Japanese Superweed Meets its Match in Plant Louse

Invasive species have long been heralded as one of the ‘Big 3’ threats to modern biodiversity just after climate change and habitat destruction. These species are increasingly invading new habitats and out-competing the native species pushing them to extinction. In some cases, such as the now widespread Japanese knotweed, they can damage architecture and flood defences. This has earned this fast spreading plant the title as a ‘concrete cracking superweed’; costing the UK alone as much as £165 million a year.

The weed has rapid growth and can grow more than one metre a month in suitable conditions. The plants range has spread across North America and Europe and is even starting to advance to Australia. Its success can be attributed to its ability to thrive in a wide variety of environments, from building foundations to volcanic rock the plant lives on.

However, an unlikely hero has now appeared to hold back the advance of this persistent plant. The psyllid, Aphalara itadori, better known as a jumping plant louse looks to become the very first biological control for use against a weed approved by the EU. Having already undergone four years of trials, it has so far had promising results. Exposure to as few as 16 psyllids has been enough to cause one in 10 plants to die and stunted growth of the others.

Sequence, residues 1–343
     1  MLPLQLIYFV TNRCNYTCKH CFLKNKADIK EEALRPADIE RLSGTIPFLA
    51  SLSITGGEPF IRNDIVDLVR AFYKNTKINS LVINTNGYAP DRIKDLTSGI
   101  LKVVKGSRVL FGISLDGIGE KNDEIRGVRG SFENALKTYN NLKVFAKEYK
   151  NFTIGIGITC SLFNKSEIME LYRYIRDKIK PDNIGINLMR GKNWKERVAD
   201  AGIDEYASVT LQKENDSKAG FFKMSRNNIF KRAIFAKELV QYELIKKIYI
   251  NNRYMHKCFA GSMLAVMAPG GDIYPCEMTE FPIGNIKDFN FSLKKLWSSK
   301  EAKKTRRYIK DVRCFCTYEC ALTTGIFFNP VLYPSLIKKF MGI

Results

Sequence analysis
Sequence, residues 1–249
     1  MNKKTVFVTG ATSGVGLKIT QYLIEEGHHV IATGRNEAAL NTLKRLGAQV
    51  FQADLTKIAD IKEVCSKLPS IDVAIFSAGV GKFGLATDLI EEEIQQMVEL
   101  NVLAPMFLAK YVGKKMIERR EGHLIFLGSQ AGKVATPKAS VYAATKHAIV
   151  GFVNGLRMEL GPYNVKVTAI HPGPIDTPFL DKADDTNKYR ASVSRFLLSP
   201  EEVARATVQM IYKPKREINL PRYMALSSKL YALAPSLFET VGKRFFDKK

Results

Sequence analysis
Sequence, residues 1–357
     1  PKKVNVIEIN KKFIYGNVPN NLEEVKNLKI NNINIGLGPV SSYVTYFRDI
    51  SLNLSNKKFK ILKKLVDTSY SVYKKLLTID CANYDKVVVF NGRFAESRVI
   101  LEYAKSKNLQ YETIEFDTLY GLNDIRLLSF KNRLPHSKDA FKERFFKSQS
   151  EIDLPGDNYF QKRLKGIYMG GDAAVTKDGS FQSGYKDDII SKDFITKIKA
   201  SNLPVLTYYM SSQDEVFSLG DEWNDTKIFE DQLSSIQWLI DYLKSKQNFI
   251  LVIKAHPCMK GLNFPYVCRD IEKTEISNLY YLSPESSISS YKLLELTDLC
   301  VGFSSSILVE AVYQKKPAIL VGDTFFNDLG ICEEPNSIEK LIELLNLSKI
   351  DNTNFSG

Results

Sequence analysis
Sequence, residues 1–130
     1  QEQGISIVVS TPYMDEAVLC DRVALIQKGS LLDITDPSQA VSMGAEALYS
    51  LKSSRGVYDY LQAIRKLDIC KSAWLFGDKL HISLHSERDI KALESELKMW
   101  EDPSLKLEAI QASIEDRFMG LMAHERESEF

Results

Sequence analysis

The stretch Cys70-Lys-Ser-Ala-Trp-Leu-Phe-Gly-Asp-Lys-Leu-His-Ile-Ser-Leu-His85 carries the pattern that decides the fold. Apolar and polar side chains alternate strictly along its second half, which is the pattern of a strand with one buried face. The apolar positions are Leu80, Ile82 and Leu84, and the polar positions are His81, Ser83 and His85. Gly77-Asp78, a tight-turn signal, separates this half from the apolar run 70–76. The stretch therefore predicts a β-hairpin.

So just how does this little creature pose such a danger to the weed. The adult insects lay their eggs on the leaves of the plant and the nymphs that hatch feed on the sap secreted by the plants halting their growth. Although this doesn’t always kill the plant directly it gives native plants the upper hand allowing them to dominate.

Biocontrol of invasive species has many times ended in disaster the most infamous example of this being the deliberate introduction of the cane toad to Australia to try to control populations of sugarcane eating beetles. Nearly 70 years on the cane toads are now the pest trying to be controlled.  However, testing of the psyllid so far has shown its limited diet will mean it won’t pose a threat to the native species. As release moves forward it is looking like we may have the first EU approved biocontrol agent and a chance of taking our buildings back.

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Madeleine Berry

Wildlife enthusiast and recent Biology graduate of Queen Mary, University of London.

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